Garzón and the Spanish judicial autarchy

2 min
Judge Baltasar Garzón in the Parliament of Catalonia, in an archive image. Photograph of July 18, 2017

BarcelonaSpanish justice has once again been disavowed by international bodies, and this time the cause has not been the Catalan independence bid but its actions with one of its best-known judges, Baltasar Garzón. The United Nations Human Rights Committee, the same that called for the release of Catalan political prisoners, has ruled that the conviction of Judge Baltasar Garzón for prevarication was "arbitrary". In a resolution issued on 13 July and communicated on Wednesday, the body obliges Spain to erase the criminal record of the magistrate and to compensate him adequately for the damage suffered. Thus, this group of the UN argues that Garzon should not have been convicted or disqualified for having tapped the communications of prisoners and lawyers in the Gürtel case.

It should be recalled that Garzón was convicted and disqualified for this reason in 2012, which caused him to abandon the delicate investigation of the Gürtel case. At the same time, he was also tried to be condemned for having declared himself competent to investigate the crimes of Francoism, but he was finally acquitted. The opinion of the United Nations is devastating and lists all the irregularities of his judicial process. Most blatantly, one of the judges who convicted him, Luciano Varela (who later became a judge on the Catalan independence bid tribunal), advised the lawyers who filed briefs against Garzón, which, according to the Committee, proves that Garzón's right to be tried by an impartial tribunal was violated. Sound familiar?

The operation to remove Judge Garzón when he was investigating Gürtel and, above all, the crimes of Francoism was an operation of the right wing of the judiciary and of what we could call the deep state to prevent the justice system from challenging the Spanish transition to Democracy narrative and calling into question the status quo. Therefore, PP got rid of an uncomfortable character, although this did not prevent them from being convicted of corruption years later, in May 2018. That sentence provoked Pedro Sánchez's vote of no confidence and meant the end of Mariano Rajoy's government.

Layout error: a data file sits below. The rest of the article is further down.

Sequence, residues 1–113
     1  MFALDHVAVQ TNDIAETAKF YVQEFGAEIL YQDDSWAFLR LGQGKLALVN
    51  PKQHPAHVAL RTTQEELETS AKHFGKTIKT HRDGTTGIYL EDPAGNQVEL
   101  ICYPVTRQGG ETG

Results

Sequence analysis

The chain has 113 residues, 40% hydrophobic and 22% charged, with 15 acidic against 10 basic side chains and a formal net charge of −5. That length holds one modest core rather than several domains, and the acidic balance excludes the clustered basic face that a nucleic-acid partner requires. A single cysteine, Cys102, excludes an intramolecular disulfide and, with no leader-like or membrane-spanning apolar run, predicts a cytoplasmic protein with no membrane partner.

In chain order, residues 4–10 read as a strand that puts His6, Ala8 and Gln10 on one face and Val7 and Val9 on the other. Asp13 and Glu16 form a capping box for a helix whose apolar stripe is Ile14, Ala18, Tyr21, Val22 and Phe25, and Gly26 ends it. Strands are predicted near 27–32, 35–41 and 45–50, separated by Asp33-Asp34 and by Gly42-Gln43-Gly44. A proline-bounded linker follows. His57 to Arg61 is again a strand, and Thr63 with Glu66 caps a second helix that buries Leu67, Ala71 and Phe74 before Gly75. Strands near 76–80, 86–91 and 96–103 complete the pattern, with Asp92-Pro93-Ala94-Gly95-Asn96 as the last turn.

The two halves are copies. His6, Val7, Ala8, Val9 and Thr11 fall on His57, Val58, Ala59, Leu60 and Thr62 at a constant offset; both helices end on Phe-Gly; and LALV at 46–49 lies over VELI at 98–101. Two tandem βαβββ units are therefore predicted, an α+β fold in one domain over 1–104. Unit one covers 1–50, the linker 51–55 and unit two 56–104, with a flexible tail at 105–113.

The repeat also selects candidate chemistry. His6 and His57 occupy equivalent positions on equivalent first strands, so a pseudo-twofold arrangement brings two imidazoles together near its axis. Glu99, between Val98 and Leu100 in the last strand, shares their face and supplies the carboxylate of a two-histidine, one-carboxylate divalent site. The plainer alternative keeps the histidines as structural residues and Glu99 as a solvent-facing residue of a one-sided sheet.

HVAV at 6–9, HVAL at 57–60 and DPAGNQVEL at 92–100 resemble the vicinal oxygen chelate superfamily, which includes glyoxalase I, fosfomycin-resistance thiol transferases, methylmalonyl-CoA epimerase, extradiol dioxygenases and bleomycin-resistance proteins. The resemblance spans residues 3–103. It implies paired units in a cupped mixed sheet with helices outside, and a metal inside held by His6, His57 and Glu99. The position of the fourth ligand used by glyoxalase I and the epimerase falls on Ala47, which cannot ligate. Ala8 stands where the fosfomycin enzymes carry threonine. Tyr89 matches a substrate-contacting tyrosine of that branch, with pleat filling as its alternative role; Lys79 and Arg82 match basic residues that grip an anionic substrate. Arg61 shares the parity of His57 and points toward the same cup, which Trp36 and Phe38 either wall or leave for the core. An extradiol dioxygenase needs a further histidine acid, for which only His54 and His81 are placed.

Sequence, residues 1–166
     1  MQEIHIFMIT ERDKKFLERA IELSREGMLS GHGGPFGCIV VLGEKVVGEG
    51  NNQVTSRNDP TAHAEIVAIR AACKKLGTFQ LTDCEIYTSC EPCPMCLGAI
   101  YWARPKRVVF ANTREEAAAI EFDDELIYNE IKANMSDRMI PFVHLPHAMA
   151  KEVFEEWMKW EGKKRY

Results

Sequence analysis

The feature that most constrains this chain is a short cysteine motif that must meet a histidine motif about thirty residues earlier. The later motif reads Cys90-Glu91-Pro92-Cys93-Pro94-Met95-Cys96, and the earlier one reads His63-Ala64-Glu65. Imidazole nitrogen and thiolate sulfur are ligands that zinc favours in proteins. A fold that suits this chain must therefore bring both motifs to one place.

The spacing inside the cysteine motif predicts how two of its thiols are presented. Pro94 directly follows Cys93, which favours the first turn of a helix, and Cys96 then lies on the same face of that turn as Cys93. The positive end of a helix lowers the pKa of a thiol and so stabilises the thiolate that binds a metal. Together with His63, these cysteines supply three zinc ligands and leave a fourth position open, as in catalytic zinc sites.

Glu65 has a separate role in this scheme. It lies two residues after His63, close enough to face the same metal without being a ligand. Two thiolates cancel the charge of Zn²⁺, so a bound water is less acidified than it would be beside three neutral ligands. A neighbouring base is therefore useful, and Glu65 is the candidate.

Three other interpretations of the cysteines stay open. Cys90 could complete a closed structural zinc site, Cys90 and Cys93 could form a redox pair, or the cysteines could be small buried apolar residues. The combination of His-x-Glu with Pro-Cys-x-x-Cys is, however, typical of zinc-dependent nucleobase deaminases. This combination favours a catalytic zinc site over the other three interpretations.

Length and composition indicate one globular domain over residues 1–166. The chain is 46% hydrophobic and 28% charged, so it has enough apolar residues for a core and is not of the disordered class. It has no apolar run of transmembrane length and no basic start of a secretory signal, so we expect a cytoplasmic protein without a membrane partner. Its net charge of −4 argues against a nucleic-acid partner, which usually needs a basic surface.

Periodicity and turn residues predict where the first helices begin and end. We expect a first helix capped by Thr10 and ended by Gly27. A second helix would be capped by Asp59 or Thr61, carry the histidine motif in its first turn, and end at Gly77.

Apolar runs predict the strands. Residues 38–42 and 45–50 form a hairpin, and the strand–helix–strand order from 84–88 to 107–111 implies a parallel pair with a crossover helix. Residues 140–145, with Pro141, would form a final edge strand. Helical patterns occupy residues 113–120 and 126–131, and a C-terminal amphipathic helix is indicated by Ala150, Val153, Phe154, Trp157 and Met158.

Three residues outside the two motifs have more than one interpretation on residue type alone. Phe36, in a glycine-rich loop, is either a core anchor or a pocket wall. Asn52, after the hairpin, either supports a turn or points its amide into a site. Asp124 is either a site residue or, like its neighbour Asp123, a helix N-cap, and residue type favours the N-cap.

The fact is that Spanish justice is accumulating more and more setbacks and international disrepute. Surely, its mistake was not calculating that getting rid of a judge like Garzón, who became an international star and a pioneer in the application of international jurisdiction in the wake of the Pinochet case, would have long-term consequences. This resolution comes, however, at a time when it has already become clear that Spanish democracy has a serious problem with justice, it is politically biased and that, in the case of the Catalan independence bid, it has collected defeat after defeat in the international arena. Let's remember that this Thursday Scottish justice has declared itself not competent to extradite Clara Ponsatí with the argument that the MEP now lives in Brussels.

The Spanish government should take note of the UN's position in order to make its demands effective, but everything suggests that the judiciary will bunker down and continue to ignore what happens outside Spanish borders, in a kind of judicial autarchy.